Firstly a big thanks to Roger for doing this – I asked him to do it (and he showed the evidence, email screenshot to start with!) so those of us who were interested by the big picture given in his last talk and wanted to know where to start…  wondered what do you do to get going.

Roger used an example of an Arduino, some goodies to connect up and a simple presentation. He started by showing an Arduino around – told us the various connectors and talked about the kind of things you can connect to them.  He switched the screen to the programming interface, talked us through various sections of it and then worked through the led-flasher program, compiled it and uploaded it to the Arduino – the led flashed. So we have a blinking equivalent of  ‘Hello world’ – he showed the variables that could be tweaked to alter the on or off time – demonstrating how blinking speed choice could give a dimming effect on the led – because leds don’t dim.  (some one is going to pick me up on that I’m sure – I’ve been out of the electronics trade since 1997, that’s my excuse.)

Now Roger moved on – showed connecting an input, e.g. a switch up to the Arduino and programming it to react on switching – then in fine tutor fashion mixed the two programs up  – now we could switch the led on and off.

The theory is that once have input and output controls we can begin to do more stuff with them – Roger demonstrated how the Arduino could  be used to control another switch eg a relay – so now – we can use the Arduino to talk to some heavy duty gear while staying safely staying low voltage and tiny current itself. He had 4 relays clicking away and  this is where things got more complicated – Roger had introduced timing elements into the program – so now he could do useful stuff.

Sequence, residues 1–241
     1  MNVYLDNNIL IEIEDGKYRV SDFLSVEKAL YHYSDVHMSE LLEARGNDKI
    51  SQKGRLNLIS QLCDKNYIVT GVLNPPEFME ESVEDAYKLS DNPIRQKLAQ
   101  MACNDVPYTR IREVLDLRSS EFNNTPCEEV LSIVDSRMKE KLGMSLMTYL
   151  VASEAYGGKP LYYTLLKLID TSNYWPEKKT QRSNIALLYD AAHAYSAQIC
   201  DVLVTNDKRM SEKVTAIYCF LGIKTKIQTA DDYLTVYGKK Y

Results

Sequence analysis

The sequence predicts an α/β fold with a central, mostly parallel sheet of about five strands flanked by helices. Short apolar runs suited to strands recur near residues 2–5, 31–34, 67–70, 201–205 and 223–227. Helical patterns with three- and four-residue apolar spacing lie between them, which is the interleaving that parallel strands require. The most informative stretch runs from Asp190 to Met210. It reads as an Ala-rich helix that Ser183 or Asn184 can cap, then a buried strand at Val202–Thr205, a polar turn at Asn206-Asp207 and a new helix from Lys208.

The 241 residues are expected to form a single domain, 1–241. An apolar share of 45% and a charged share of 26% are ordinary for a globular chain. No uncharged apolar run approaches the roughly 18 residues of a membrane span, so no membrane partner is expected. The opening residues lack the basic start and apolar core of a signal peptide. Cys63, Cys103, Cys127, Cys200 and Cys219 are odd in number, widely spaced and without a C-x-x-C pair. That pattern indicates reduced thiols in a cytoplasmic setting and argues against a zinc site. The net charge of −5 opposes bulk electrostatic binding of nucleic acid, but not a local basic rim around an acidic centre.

He had the relays clicking timing by a program – and each relay could be connected to things like – water heaters, curtain closers, switching power source types (solar/wind/etc) – all dependant on what the input was doing. for example  – eg a temperature sensor on the input and, for example, a fan to control the flow of warm air into a room.  Now bolt more of other various things to control on – soon your house can scare visitors who don’t know it takes care of itself!

To finish Roger showed us I2C devices connected and told us how they extended the ability of the Arduino to control numbers of device from the physical limits by the one per pin-pair sensors demonstrated before. He showed how a program worked and explained addressing the devices – he had a program that listed connected I2C’s – then extracted one from the socket – it disapeared from listing on-screen, then replaced it – and it was re-added back into the circuit.


All great food for thought – again thanks Roger, your easy going style, managing to get so much over despite creating sporadic conversations as people realised what can be done. Then returning to the talk taking us to the next level of complication – at the end we were realising that many things got bolted together to make something very useful indeed.


Photos  from the evening




Meeting March 27th 2015 Computing the New Curriculum

14 04 2015

Many thanks to Bruce Nightingale for delivering an excellent talk on the new and improved computing curriculum that will be soon delivered to school children in the UK. The talk touched on the technology but also the problems in  understanding the aims and delivering them successfully, teaching the teacher and maintaining momentum in an environment which isn’t always conducive. Fifteen members turned up as well  making it one of our best turnouts at a recent monthly event.20150326_201839SMALLER